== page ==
The Institutional Review Boards at the Ophthalmology Department, University of Alexandria approved the study protocol. Confidentiality of the patient records was respected. Consent was taken from the parents if the infant required any form of treatment.

RetCam photography was used whenever possible (RetCam II 120°, Clarity Medical System Inc., Pleasanton, CA, USA) to document ROP; eligibility was established by the treating ophthalmologist and was confirmed by a second ophthalmologist on the basis of electronically transmitted RetCam images.

Infants diagnosed with prethreshold type 1 received either intravitreal ranibizumab (Lucentis ® , Genentech Inc., South San Francisco, CA, USA) (0.625 mg/0.025 ml of solution) (group A, 12 eyes of 6 infants) or conventional diode laser (laser indirect ophthalmoscope using  IRIDEX Corporation ,Mountain View, CA 94043, OcuLight SL/SLx Infrared 810 nm laser) (group B, 20 eyes of 10 infants), bilaterally.

Treatment was performed under general anesthesia in the operating room. All interventions were dome by a single surgeon.

As for the intravitreal ranibizumab group, topical 5% povidone-iodine was applied to the periocular skin and the conjunctiva. A lid speculum was placed, and 0.625 mg (0.025 ml) of ranibizumab were injected 1 mm posterior to the corneoscleral limbus, in the inferotemporal quadrant, using a 27-gauge needle. An anterior chamber paracentesis was performed if needed in the end to normalize intraocular pressure. Topical (5 mg/mL) moxifloxacin hydrochloride (Vigamox) was prescribed 4/day for 5 days after the procedure.

Group B infants underwent diode laser photocoagulation of the peripheral avascular retina extending from the ridge of extraretinal proliferation to the ora serrata. They received a pattern of laser spots placed 1-1.5 burn widths apart.

The primary outcome was treatment success defined as regression of NV and absence of recurrence (recurrence of ROP, a variable with three possible values: given 0 for recurrence in neither eye, one for recurrence in one eye, and two for recurrence in both eyes). Cases are requiring additional treatment consisting of a few laser applications to inadvertently skipped areas within 1 week after initial treatment were not considered to be recurrences. Infants were followed up till 55 weeks postmenstrual age (gestational age [GA] plus postnatal age). The first follow-up was done after 1 day in group A, and after 3 days in group B. Subsequent examination was scheduled by the treating ophthalmologist according to the response to the treatment regime.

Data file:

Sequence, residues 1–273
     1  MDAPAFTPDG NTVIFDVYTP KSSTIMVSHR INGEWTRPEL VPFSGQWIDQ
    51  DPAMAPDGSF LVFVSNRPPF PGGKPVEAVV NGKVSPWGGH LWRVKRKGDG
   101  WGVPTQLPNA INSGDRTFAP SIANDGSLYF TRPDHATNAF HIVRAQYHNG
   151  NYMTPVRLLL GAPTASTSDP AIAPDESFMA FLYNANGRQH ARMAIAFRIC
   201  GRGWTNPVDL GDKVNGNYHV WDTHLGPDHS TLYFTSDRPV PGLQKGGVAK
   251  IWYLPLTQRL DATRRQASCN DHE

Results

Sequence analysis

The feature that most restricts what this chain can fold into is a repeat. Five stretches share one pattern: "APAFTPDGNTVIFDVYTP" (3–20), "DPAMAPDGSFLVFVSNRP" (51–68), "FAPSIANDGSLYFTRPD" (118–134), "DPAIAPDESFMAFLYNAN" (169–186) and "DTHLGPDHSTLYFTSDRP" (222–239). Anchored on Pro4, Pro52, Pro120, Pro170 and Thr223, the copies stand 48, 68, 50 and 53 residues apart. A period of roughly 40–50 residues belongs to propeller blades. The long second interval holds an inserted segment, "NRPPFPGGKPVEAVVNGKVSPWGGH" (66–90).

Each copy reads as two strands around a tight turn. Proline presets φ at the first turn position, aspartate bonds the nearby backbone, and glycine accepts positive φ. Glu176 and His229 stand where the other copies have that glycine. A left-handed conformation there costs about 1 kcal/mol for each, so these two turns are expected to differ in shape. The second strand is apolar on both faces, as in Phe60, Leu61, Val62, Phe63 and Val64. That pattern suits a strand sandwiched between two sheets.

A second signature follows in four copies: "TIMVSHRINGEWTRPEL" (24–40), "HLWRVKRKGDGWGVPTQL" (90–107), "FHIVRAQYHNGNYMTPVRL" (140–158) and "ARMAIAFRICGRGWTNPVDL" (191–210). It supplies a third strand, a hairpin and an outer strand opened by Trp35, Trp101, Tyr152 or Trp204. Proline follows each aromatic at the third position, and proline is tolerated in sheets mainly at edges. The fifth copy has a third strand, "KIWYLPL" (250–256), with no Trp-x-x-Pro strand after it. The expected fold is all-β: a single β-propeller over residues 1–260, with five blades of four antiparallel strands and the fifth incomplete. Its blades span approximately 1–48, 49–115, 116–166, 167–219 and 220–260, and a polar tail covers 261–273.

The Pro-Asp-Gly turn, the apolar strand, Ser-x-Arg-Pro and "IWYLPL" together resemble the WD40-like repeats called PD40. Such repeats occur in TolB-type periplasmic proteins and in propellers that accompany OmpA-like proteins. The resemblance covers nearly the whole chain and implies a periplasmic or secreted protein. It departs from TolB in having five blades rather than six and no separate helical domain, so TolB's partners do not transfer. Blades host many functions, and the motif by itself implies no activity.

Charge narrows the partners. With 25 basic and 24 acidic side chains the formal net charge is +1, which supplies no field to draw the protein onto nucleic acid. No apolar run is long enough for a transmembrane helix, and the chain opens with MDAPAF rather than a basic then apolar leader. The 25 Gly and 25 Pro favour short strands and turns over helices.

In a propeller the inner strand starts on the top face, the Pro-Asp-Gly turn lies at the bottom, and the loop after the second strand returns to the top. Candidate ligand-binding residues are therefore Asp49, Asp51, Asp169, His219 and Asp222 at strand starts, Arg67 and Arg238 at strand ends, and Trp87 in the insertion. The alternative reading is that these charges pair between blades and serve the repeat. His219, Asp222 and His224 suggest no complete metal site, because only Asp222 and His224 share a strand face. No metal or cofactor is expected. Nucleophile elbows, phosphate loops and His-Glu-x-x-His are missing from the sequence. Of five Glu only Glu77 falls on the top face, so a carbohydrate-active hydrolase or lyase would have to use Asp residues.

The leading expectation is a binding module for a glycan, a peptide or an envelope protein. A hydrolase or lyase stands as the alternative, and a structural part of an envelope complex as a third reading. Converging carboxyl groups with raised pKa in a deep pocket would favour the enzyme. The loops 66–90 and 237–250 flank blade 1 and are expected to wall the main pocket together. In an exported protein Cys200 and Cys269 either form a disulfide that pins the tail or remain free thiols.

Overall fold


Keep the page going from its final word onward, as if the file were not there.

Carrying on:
All data were collected and assessed by SPSS (SPSS Inc., Chicago, IL, USA) version 20.0 for Windows. Chi-square test was performed to compare the incidence of complications and the recurrence rate within the follow-up period between the two groups. A P value of 0.05 or less was regarded as statistically significant.


  Results Top


The study included 16 premature infants (2 males and 14 females) of age ranging from 33 to 39 weeks (GA), with a mean of 35.63 ± 1.58 weeks. The stage of ROP in the studied infants was either stage 2 in 7 cases (43.8%), or stage 3 in 9 cases (56.3%). The zones of the retina affected by the above-mentioned stages of ROP were zone I in 3 cases (18.8%) and zone II in 13 cases (81.3%). The plus sign was absent in two cases with zone I disease (12.5%).

Those infants with stage 2 ROP (seven cases) had a mean GA of 34.29 ± 0.7 weeks, while infants with stage 3 ROP had a mean GA of 36.67 ± 1.2 weeks. This difference between stages 2 and 3 ROP was statistically significant (P < 0.001).

About the relation between the zone of affection and the GA. Infants with zone I disease had a mean GA of 37.3 ± 1.5 weeks, while those with zone II affection had a mean GA of 35.2 ± 1.3 weeks. This was again statistically significant (P = 0.033).